American Film Institute Ranking: #38/100 Academy Awards: Nominated for seven, including best picture, director and actress, but losing all seven. My Rating:
The story goes that this was a hard movie to get approved to make — those in charge felt like the script’s content and story were too maniacal and didn’t pass the Movie Picture Production Code for moral standards. The characters are indeed awful, and there was more than one time that it made my skin crawl. The set up is a a classic reiteration of trying to commit the perfect murder to collect on an insurance policy, but this time it is a scheme between an unhappy spouse (Phyllis Dietrichson) and an insurance agent (Walter Neff) to knock off her husband. Walter Neff knows how other people have gotten caught in fraudulent claims and comes up with the perfect plan: have his death appear as if it happened on the train and collect double on his insurance policy, otherwise known as double indemnity.
“All right, Mr. DeMille, I’m ready for my close-up.”
American Film Institute Ranking: #12/100 Academy Awards: Nominated for eleven, won three including best original screenplay but none of the biggies. My Rating:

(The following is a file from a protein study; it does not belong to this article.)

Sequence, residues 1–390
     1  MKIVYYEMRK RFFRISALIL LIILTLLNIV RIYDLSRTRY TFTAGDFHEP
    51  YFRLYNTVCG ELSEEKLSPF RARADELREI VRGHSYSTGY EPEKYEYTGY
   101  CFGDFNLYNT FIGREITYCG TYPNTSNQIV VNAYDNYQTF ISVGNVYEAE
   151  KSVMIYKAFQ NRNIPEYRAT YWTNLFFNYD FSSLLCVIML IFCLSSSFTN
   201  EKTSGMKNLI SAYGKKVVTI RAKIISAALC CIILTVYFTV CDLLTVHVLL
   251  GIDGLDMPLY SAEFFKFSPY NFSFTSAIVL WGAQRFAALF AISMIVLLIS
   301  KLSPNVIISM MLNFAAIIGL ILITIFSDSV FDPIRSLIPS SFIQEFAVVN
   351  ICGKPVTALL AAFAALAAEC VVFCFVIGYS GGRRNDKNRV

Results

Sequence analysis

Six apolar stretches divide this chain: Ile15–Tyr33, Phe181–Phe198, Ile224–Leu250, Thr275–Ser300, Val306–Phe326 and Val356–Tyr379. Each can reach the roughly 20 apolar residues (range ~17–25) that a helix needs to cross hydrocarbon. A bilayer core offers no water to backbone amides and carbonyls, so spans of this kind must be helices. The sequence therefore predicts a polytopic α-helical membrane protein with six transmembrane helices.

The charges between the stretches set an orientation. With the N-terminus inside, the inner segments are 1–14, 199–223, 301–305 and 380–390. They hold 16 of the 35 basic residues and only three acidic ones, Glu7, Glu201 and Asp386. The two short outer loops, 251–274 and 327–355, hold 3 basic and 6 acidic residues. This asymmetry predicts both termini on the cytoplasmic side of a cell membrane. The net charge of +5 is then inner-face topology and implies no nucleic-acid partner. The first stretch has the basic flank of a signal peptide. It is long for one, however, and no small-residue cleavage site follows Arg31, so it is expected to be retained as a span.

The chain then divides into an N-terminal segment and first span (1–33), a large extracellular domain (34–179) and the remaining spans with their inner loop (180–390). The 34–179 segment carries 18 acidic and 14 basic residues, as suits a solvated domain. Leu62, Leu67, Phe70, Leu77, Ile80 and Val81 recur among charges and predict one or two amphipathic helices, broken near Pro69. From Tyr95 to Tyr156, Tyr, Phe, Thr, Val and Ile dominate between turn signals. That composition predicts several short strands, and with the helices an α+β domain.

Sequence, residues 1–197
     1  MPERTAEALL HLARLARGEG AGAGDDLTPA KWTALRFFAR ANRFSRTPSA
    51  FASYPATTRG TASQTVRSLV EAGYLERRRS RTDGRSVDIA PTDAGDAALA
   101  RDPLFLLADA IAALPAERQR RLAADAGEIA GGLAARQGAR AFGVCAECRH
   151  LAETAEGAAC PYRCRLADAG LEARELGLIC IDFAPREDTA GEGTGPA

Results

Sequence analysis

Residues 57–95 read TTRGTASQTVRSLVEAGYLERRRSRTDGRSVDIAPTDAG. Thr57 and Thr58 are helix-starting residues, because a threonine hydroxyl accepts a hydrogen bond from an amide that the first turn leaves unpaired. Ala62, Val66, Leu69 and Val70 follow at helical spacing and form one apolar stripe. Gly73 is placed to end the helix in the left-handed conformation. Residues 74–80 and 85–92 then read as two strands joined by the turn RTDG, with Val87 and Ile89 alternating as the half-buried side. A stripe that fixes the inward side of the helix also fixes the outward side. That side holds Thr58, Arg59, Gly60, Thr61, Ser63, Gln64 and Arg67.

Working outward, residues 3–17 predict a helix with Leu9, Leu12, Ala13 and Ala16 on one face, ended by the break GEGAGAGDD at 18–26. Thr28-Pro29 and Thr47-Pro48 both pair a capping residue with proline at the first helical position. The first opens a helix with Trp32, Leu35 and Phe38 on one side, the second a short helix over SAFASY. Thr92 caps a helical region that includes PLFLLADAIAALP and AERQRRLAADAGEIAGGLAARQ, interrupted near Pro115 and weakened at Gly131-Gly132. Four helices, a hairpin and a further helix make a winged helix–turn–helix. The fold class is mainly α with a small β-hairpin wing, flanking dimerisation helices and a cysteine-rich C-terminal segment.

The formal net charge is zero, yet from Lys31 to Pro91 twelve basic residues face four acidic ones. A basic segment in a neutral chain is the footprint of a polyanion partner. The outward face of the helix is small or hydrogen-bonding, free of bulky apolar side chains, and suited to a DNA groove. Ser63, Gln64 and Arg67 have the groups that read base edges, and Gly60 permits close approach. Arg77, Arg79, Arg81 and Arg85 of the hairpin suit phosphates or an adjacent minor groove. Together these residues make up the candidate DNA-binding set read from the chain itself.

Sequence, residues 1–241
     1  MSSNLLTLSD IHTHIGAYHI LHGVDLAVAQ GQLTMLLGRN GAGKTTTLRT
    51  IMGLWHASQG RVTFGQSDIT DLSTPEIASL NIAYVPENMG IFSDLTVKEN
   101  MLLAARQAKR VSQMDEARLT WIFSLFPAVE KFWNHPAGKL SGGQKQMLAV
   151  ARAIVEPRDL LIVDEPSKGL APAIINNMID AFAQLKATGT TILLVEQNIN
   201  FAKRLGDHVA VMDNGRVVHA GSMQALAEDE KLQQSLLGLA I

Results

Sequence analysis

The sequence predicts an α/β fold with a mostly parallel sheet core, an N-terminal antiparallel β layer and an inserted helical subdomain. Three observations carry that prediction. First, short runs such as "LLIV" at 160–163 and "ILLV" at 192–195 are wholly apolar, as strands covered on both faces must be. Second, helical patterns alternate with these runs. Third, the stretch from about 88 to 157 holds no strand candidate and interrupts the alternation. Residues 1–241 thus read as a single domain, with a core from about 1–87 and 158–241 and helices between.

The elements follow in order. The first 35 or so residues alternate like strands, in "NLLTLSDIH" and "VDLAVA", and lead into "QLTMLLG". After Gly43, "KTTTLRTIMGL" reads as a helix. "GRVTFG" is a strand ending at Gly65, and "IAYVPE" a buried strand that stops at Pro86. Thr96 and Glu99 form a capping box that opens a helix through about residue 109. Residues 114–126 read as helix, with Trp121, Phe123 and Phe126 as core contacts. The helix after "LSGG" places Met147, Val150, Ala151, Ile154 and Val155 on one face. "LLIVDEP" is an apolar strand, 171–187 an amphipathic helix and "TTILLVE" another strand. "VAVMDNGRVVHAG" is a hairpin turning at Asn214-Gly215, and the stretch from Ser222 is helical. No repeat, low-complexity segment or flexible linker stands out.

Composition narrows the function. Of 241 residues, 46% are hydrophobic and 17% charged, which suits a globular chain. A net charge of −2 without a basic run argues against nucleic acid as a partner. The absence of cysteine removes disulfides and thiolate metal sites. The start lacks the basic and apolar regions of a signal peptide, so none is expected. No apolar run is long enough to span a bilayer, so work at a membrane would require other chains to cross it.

I really enjoyed this movie. A lot.
There are a lot of different angles, and it’s all packed into a tight presentation: a critique of hollywood; an unintentional period piece; purposeful inside references; old vs. new. The end result is a poignant insight into a time long gone, showing the underbelly of show biz that has been there since the very beginning.
American Film Institute Ranking: #99/100 Academy Awards: Best Actress (Katherine Hepburn), Best Original Screenplay My Rating:
Leave it to Hollywood to insert itself in a social issue, have it packed with trite stereotypes and interactions, and somehow still make it good enough to enjoy. This film is a constant roller-coaster ride, but not due to some concrete plot or character development. What’s going to have you squirming in your seat instead will be how a movie with such beautiful moments can be juxtapositioned with such ridiculousness.
Take for instance a scene where Matt and Christina Drayton (played by Spencer Tracy and Katherine Hepburn respectively) have to leave the house due to the stress of the day (aka: their daughter wanting to marry a person of another race). They end up at a drive-in diner where Matt Drayton orders ice cream which was not the flavor he is expecting, and while at first he dislikes it he loves it after giving it a chance. This is a not so subtle suggestion of a parallel with what is happening in his personal life with his daughter’s soon to be husband. The movie uses fresh Oregon Boysenberry Sherbet to make a statement on race relations in America.